Less than two hours after they arrived, the seven finalists leave the studio with vague assurances that "Jeopardy!" may call them in the future. They are all smiling.
AT 48, ALEX Trebek, the salt-and-pepper-haired host of "Jeopardy!" could be an unusually handsome professor of, say, philosophy, which was his major at the University of Ottawa. Elegantly dressed by Mr. Guy of Beverly Hills, Trebek adds a well-read-man-in-his-library presence to the throbbing electronic "Jeopardy!" set. And Trebek is more than just another pretty suit. He once took a version of the show's written test and scored a respectable 43--86%.
Trebek has been a quizmaster in the United States since 1973, when friend and fellow Canadian Alan Thicke recommended him as host for the short-lived "The Wizard of Odds." Trebek had spent the previous 12 years with the Canadian Broadcasting Corp., doing news and special events in both English and French (his Canadian shows included a series devoted to figure-skating). As host of both "Jeopardy!" and "Classic Concentration," which he also produces, Trebek is said to make almost $1 million a year.
Every day that programs are taped--there are 46 such sessions a season--Trebek studies all the questions and answers that might appear on the five shows to be produced that day. He reads the material for accuracy and nuance and verifies pronunciations--occasionally, he needs to perfect the spin on a word like ichthyophagous.
During breaks in the taping, he fields questions from the "Jeopardy!" studio audience. Women want to know his marital status. No, he is not married now. A six-year previous marriage produced no children, although he has an adult stepdaughter named Nicky who works as a runner on the show. He lives, with his mother, in a house in the Hollywood Hills that he helped design and build. And, no, he does not alphabetize his herbs and spices, as one magazine reported, although he does hang his light-colored clothes on light hangers and his dark clothes on dark ones.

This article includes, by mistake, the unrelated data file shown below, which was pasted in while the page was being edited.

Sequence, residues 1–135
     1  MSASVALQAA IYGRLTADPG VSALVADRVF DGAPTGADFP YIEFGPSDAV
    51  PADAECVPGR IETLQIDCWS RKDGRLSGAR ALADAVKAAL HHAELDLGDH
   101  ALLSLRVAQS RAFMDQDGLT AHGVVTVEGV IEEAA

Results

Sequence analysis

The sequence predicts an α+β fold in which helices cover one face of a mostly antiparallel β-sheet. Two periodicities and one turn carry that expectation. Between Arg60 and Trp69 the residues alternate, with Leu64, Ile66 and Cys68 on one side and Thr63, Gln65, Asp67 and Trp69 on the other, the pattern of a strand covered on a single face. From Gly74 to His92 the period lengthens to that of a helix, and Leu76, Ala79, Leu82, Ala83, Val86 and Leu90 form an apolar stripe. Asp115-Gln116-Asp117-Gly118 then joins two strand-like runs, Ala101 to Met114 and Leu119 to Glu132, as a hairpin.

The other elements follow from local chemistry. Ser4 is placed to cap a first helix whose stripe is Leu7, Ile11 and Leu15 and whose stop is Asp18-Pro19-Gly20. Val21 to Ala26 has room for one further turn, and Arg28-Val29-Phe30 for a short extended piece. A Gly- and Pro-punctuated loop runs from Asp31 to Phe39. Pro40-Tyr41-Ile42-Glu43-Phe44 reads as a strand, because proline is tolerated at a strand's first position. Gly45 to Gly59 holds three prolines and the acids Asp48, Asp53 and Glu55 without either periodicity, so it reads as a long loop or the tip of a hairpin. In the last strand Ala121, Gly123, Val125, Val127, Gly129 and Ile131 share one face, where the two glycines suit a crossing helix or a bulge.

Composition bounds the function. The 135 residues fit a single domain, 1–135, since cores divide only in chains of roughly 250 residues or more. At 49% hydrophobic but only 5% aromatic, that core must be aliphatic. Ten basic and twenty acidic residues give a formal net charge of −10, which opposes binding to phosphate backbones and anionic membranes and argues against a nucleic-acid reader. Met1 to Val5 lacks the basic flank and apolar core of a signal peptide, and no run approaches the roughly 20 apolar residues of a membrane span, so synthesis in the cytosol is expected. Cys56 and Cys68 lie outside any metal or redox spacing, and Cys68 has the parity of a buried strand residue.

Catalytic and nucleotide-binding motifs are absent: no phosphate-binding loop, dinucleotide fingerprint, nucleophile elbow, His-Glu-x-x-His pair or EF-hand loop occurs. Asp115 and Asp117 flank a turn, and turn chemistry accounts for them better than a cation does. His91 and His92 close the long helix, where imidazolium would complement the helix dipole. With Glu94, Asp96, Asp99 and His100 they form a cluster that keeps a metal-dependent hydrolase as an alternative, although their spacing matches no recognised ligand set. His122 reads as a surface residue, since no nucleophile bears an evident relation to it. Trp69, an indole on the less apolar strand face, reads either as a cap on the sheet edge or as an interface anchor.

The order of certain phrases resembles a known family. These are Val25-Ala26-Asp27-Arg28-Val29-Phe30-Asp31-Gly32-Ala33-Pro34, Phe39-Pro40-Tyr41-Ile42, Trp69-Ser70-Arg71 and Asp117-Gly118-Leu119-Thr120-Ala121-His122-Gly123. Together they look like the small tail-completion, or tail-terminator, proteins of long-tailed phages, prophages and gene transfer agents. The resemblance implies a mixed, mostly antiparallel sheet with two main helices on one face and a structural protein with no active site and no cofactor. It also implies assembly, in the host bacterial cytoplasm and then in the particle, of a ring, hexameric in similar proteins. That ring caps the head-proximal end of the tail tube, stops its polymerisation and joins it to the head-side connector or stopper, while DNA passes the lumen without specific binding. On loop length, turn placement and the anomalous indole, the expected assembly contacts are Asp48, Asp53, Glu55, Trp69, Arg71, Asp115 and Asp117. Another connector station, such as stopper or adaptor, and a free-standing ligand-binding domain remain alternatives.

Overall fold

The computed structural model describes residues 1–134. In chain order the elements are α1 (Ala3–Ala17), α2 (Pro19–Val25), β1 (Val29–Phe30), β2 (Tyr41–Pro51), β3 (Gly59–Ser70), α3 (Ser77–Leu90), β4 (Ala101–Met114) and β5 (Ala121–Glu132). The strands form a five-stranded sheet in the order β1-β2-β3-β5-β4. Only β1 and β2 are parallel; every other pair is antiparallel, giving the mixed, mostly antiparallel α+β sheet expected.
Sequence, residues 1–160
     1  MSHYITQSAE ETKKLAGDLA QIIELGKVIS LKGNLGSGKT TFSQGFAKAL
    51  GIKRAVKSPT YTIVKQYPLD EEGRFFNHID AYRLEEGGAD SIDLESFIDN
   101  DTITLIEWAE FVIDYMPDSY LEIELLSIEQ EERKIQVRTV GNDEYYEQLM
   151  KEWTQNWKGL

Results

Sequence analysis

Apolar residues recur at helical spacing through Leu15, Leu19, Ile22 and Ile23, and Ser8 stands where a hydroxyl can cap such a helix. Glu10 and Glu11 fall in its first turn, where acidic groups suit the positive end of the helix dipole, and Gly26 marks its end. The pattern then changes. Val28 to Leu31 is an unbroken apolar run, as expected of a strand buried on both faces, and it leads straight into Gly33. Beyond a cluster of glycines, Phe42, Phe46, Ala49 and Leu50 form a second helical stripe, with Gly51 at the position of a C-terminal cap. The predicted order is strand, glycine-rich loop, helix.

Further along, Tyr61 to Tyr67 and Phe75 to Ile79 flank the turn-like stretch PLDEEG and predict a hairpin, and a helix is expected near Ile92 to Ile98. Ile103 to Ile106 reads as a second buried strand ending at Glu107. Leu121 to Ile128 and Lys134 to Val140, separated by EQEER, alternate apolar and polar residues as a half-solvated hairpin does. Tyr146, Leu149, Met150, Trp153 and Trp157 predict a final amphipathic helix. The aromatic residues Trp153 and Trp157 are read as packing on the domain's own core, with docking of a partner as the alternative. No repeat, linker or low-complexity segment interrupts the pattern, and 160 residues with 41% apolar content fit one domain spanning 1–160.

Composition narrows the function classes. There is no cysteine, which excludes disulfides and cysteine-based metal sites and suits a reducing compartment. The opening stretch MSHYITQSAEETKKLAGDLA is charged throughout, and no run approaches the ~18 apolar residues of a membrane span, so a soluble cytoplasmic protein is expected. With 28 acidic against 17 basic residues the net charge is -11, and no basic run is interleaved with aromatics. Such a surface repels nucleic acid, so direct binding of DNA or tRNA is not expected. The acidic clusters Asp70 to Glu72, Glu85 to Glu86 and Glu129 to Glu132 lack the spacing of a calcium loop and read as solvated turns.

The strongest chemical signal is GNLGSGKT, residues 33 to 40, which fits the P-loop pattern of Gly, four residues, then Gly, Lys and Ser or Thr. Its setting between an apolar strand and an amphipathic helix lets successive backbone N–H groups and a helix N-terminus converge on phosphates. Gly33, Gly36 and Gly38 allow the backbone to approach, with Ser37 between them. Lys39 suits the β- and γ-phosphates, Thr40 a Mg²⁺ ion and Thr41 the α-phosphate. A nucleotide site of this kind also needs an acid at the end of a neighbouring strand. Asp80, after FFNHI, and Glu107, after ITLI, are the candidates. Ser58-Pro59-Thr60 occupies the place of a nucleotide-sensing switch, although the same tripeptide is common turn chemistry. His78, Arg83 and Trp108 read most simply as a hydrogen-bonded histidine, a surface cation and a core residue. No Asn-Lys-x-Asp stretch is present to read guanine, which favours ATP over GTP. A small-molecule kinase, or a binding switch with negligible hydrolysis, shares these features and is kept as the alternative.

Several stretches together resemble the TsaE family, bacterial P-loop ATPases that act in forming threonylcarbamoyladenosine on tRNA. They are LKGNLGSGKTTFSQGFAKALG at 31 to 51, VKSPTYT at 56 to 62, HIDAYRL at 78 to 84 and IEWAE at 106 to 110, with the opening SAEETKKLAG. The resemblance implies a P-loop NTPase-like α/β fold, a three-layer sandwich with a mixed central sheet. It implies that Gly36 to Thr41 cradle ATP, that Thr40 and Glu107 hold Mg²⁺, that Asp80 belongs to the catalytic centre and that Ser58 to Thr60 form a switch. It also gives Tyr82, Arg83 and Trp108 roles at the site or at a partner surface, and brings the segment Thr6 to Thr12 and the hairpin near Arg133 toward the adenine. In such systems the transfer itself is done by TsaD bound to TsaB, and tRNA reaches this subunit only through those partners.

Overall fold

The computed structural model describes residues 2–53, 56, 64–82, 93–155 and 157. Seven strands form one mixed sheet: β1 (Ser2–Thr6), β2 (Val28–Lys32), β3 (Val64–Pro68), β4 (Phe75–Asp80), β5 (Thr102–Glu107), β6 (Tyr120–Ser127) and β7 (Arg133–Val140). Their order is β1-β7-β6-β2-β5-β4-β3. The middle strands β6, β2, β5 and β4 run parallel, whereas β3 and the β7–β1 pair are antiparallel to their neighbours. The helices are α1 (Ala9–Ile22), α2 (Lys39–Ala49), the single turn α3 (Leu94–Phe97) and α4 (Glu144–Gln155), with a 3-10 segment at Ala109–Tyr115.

Trebek is easy with his audience. "At birth," he tells a recent group, "Canadian babies are taught to say eh at the end of every sentence." But when the cameras roll, he is all business ("Let's go to work," he urges players), except for the occasional, often self-deprecating quip.
It has to be that way, Trebek says. "On 'Classic Concentration,' you can kid around and use up 5 or 10 or 15 seconds, and you are not materially impeding the progress of a player toward the solution of a puzzle. Whereas, on 'Jeopardy!' we're trying to cover 61 clues, and we've got to move it. And there are three contestants. If one has $2,000, another one has $2,000 and the third one has $100, and I decide I'm going to waste 15 seconds by telling a joke, the one who has $100 is gonna say, 'Wait a minute, wait a minute. Butt out, Trebek. I want to earn some money to catch up with these others.' So I can't do that. You've got to be serious, and you've got be very fair."
Trebek is modest about his role. "The stars of the show are the players--not the host--and the material.
"JEOPARDY!"gobbles up information. With 61 questions and answers per show, hundreds of fresh facts are needed each week to test the mettle of the players in the studio and millions who play along at home. The man who feeds the fact monster is the show's editorial associate producer, Harry Eisenberg.
Eisenberg, a soft-spoken native of Brooklyn who says he sometimes writes "Jeopardy!" clues in his dreams, supervises a research staff of 13. Five days a week, staff members are expected to produce a daily quota of three categories with six clues and answers (five will appear on the show, one is a backup). Although any staffer can create a category, the work tends to be divided, with five developing most of the categories and the others doing the requisite research and proofreading.
"They are free to write anything they want, but they've got to keep the bases covered," Eisenberg says of his staff. The bases, he explains, are five broad areas: academic subjects, life style (including religion, fashion and food), pop culture, wordplay and people.
Although the staff denies playing favorites and keeps no-no lists of well-worn categories, many observers are convinced that there are certain pet subjects that frequently pop up on "Jeopardy!" "They love royalty!" says veteran player Shear, a 40-year-old former journalist from West Los Angeles, who won $24,402 on the show in 1986. "Whenever you see Royalty, you know it's bad news. You know you're going to put the wrong number after the king or queen. They love the Nobel Prize! They love the Caspian Sea! They love Leadville, Colo., 'the highest city in the United States!' "